- The Washington Times - Friday, September 20, 2002

Fountain of youth

There is life after Washington for Donna E. Shalala, and it doesn't involve politics.

Try football, instead.

Miss Shalala's second year of presidency is under way at the University of Miami, and this Clinton administration secretary of health and human services has yet to lose a football game, including one with the much-ballyhooed Florida Gators a few weeks back.

"I'm undefeated since I started here a year ago," Miss Shalala reminded this columnist in a telephone interview yesterday.

What can you tell us about former Attorney General Janet Reno conceding defeat in the recent Florida Democratic gubernatorial primary?

"I'm out of politics. I'm bipartisan," Miss Shalala responded. "I know nothing about Janet Reno. What I don't understand is Florida voting."

(You and millions of others, we pointed out).

So do you long for Washington?

"In Washington, you age every day. Being around these young university people every day is fun and wonderful. You get younger and younger," she said.

Preferring to talk football and academics, Miss Shalala pointed out that the Hurricanes, the national champs last year, are poised for a repeat. The former chancellor of another big football college the University of Wisconsin at Madison Miss Shalala has made "excellence on and off the playing field" the credo for her Hurricanes.

She added that she visits student sections for the first half of the games, and meets donors and VIPs in the president's box for the second half. (She said she's not big on boxes and prefers hanging out in the stands with the Miami fans).

Up next for Miss Shalala's 'Canes the fifth-ranked Florida State Seminoles on Oct. 12.


'Smokey' objectivity

An item in this column yesterday caused quite a stir on Capitol Hill.

In a speech on the Senate floor, Sen. Larry E. Craig, Idaho Republican, urged his colleagues to read the column "because I do believe it demonstrates something that is an apparent complicity of efforts between radical national environmental groups and an organization funded by this congress, National Public Radio."

We reported that an NPR reporter enlisted the help of an environmental group to find a "so-called tree-thinning" project gone bad, to illustrate the lack of trust they had in the Forest Service.

"I want to use just one example of where the FS (Forest Service) and the industry flagrantly abused the public's trust on a thinning project," said the e-mail we obtained.

Mr. Craig said it is "phenomenally frustrating" that NPR uses taxpayer dollars to affect Senate debate on President Bush's forest-protection plan.

"That is not the role of the public broadcasting program in this country, and I'm extremely pleased that this article appeared. And I'm glad that some journalists have the willingness to step forward and say, 'Wait a moment here.'"

Rep. George P. Radanovich, California Republican, called it "shoddy and shameless reporting" with taxpayer dollars.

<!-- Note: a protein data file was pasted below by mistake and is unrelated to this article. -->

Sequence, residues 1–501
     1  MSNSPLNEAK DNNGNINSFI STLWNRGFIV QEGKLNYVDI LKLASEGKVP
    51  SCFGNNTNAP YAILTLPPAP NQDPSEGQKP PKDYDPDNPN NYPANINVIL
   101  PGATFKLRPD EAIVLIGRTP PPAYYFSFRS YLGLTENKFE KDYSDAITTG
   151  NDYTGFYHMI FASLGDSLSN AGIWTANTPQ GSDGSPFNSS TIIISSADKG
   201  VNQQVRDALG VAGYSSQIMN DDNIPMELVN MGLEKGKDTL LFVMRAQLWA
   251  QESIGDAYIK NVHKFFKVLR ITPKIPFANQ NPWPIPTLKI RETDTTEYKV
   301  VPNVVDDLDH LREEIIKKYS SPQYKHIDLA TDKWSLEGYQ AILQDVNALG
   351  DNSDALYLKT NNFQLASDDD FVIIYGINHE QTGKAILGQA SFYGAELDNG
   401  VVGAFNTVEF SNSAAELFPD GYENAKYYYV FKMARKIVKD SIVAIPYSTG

"If this is objectivity, I'm Smokey the Bear," Mr. Radanovich said.

NPR spokesman Laura Gross said agency officials are looking into the matter, but could not provide details by deadline.

Rep. Scott McInnis, Colorado Republican, is leading the fight in the House to legislate Mr. Bush's plan, which would limit legal appeals of timber cuts. Under pressure from environmental groups, Democrats stalled the plan this week in the Senate.

"The e-mail underscores that national environmental groups and their apologists in the media are pulling out all the stops to protect the disastrous status quo out West," he said.

The e-mail notes the environmental group has been unable to find a thinning project gone bad.

In an editorial board meeting here yesterday, Sen. Conrad Burns, Montana Republican, explained why: "They can't find one because they (environmentalists) have them all tied up in appeals."


FBI name game

A growing chorus on Capitol Hill is demanding that J. Edgar Hoover's name be removed from FBI headquarters on Pennsylvania Avenue.

Republicans and Democrats have joined House Government Reform Committee Chairman Rep. Dan Burton of Indiana, the most outspoken lawmaker in favor of the move.

The congressmen have just introduced H.R. 5213, with the exclamation: "In the United States, symbolism matters."

As reported in recent weeks, the committee during the past year has been investigating corruption surrounding FBI probes of organized crime in Boston, contending that "Hoover demonstrated a fundamental contempt for the rule of law."

Among other accusations, the committee says FBI officials of yesteryear took cash and gifts from mob figures such as Stevie "the Rifleman" Flemmi and James "Whitey" Bulger, and undermined the murder trial of notorious mob killer Joe "the Animal" Barboza.

Add to the list of supporters the signatures of Reps. Christopher Shays, Connecticut Republican; John Lewis, Georgia Democrat; Steven C. LaTourette, Ohio Republican; and Bill Delahunt and John F. Tierney, Massachusetts Democrats.

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